• 30Department of Neurosystems, Faculty of Life Sciences, University of Manchester, Manchester M13 9PT, UK.
  • 31Department of Bioengineering and Therapeutic Sciences, University of California, San Francisco, California 94143, USA.
  • 32Department of Entomology, The Pennsylvania State University, University Park, Pennsylvania 16802, USA.
  • 33Department of Entomology, Center for Disease Vector Research, University of California, Riverside, California 92506, USA.
  • 34Department of Pathology, Cambridge Genomic Services, University of Cambridge, Cambridge CB2 1QP, UK.
  • 35Department of Physiology, School of Medicine-CIMUS-Instituto de Investigaciones Sanitarias, University of Santiago de Compostela, Santiago de Compostela 15782, Spain.
  • 36Department of Experimental and Health Sciences, Universidad Pompeu Fabra, Barcelona 08003, Spain.
  • 37Department of Biological Sciences, California State Polytechnic University, Pomona, California 91768, USA.
  • 38Parasitology Section, School of Chemistry &Molecular Biosciences, University of Queensland, Brisbane, Queensland 4072, Australia.
  • 39GeneCology Research Centre, Faculty of Science, Health, Education and Engineering, University of the Sunshine Coast, Maroochydore, Queensland 4556, Australia.
  • 40Department of Biology, Center for Functional and Comparative Insect Genomics, University of Copenhagen, Copenhagen DK-2100, Denmark.
  • 41Department of Microbiology, Immunology &Biochemistry, University of Tennessee Health Science Center, Memphis, Tennessee 38163, USA.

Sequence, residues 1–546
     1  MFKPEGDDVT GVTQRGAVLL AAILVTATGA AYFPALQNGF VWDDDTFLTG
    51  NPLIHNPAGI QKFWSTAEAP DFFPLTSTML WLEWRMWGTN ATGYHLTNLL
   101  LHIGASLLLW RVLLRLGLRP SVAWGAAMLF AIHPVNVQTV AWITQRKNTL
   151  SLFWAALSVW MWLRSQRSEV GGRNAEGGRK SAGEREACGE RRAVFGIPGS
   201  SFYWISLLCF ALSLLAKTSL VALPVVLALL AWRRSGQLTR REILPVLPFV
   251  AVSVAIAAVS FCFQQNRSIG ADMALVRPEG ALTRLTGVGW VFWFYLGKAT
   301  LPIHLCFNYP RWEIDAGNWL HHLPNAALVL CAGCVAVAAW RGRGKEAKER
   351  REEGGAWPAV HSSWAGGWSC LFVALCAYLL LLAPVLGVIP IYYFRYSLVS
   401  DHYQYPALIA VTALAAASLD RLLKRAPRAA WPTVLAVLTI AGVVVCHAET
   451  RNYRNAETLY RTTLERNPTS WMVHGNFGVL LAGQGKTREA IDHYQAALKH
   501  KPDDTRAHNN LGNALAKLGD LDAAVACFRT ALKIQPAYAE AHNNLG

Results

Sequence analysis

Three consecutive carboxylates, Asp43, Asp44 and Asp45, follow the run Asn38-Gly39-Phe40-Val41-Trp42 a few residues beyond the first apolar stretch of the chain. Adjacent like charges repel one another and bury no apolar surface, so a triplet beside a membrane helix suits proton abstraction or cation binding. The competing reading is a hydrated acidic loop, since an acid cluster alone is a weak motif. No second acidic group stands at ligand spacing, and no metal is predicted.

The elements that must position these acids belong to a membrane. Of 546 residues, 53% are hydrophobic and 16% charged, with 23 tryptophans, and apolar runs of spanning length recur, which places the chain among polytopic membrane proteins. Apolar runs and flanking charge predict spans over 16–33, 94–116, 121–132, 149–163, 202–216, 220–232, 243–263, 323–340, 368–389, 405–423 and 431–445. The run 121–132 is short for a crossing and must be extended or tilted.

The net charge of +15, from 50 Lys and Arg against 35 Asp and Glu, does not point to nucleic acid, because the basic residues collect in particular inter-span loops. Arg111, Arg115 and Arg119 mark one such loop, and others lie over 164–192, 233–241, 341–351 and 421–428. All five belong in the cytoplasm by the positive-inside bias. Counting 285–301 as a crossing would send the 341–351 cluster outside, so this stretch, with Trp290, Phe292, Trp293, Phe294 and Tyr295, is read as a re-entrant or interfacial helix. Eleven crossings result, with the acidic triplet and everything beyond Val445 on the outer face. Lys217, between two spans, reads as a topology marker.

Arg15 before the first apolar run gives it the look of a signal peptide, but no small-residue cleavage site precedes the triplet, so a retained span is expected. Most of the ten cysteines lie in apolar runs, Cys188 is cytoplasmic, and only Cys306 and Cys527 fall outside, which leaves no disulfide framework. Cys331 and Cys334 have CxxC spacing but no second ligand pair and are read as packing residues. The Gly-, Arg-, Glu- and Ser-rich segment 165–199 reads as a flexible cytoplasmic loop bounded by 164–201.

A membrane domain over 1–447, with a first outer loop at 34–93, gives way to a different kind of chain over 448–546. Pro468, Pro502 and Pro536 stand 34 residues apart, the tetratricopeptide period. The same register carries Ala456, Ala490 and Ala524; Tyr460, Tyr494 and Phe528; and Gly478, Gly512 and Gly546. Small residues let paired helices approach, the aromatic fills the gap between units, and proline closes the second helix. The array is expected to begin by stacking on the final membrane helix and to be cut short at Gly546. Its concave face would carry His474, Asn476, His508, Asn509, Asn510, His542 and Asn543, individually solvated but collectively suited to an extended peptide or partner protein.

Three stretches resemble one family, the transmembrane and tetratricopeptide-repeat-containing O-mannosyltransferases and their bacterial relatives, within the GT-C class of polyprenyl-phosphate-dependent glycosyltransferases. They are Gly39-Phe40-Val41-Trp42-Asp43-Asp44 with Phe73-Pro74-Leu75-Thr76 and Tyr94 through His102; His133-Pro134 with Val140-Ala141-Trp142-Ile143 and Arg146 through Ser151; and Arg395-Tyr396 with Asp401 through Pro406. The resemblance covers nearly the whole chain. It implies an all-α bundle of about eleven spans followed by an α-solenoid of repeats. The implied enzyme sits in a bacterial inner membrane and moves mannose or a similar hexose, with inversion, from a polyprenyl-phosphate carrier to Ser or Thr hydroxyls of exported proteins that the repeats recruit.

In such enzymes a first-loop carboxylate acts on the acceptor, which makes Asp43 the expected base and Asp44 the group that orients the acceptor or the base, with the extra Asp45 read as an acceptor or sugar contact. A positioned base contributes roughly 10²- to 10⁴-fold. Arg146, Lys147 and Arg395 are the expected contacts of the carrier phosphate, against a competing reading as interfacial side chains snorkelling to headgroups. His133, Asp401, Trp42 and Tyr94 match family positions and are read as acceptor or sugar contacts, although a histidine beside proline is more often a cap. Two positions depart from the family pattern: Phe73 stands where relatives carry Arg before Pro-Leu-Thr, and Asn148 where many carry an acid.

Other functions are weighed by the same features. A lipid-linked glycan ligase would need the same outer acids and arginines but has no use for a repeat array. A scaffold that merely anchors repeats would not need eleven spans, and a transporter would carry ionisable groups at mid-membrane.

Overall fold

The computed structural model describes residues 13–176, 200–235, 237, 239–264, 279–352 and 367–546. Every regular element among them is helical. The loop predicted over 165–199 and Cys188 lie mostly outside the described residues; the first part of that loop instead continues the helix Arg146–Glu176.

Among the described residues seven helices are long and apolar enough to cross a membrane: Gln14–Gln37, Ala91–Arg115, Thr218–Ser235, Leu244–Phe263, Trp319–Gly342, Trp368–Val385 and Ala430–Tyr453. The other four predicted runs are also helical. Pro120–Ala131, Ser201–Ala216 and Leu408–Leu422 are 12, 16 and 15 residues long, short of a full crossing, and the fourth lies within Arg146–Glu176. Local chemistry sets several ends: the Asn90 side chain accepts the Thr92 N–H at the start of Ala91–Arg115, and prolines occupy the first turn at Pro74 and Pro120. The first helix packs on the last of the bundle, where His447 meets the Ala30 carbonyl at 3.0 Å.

• 42Cancer Genome Project, Wellcome Trust Sanger Institute, Hinxton CB10 1SA, UK.
  • 43Department of Biochemistry, Genetics and Immunology, University of Vigo, Vigo 36310, Spain.
  • 44Department of Entomology, University of Illinois at Urbana-Champaign, Urbana, Illinois 61801, USA.
  • 45Department of Medical Sciences, Frank H. Netter MD School of Medicine at Quinnipiac University, Hamden, Connecticut 06518, USA.
  • 46Institute for Genome Sciences, University of Maryland, School of Medicine, Baltimore, Maryland 21201, USA.

Abstract

Ticks transmit more pathogens to humans and animals than any other arthropod. We describe the 2.1 Gbp nuclear genome of the tick, Ixodes scapularis (Say), which vectors pathogens that cause Lyme disease, human granulocytic anaplasmosis, babesiosis and other diseases. The large genome reflects accumulation of repetitive DNA, new lineages of retro-transposons, and gene architecture patterns resembling ancient metazoans rather than pancrustaceans. Annotation of scaffolds representing ∼57% of the genome, reveals 20,486 protein-coding genes and expansions of gene families associated with tick-host interactions. We report insights from genome analyses into parasitic processes unique to ticks, including host 'questing', prolonged feeding, cuticle synthesis, blood meal concentration, novel methods of haemoglobin digestion, haem detoxification, vitellogenesis and prolonged off-host survival. We identify proteins associated with the agent of human granulocytic anaplasmosis, an emerging disease, and the encephalitis-causing Langat virus, and a population structure correlated to life-history traits and transmission of the Lyme disease agent.

PMID:
26856261
[PubMed - in process]
PMCID:
PMC4748124
Free PMC Article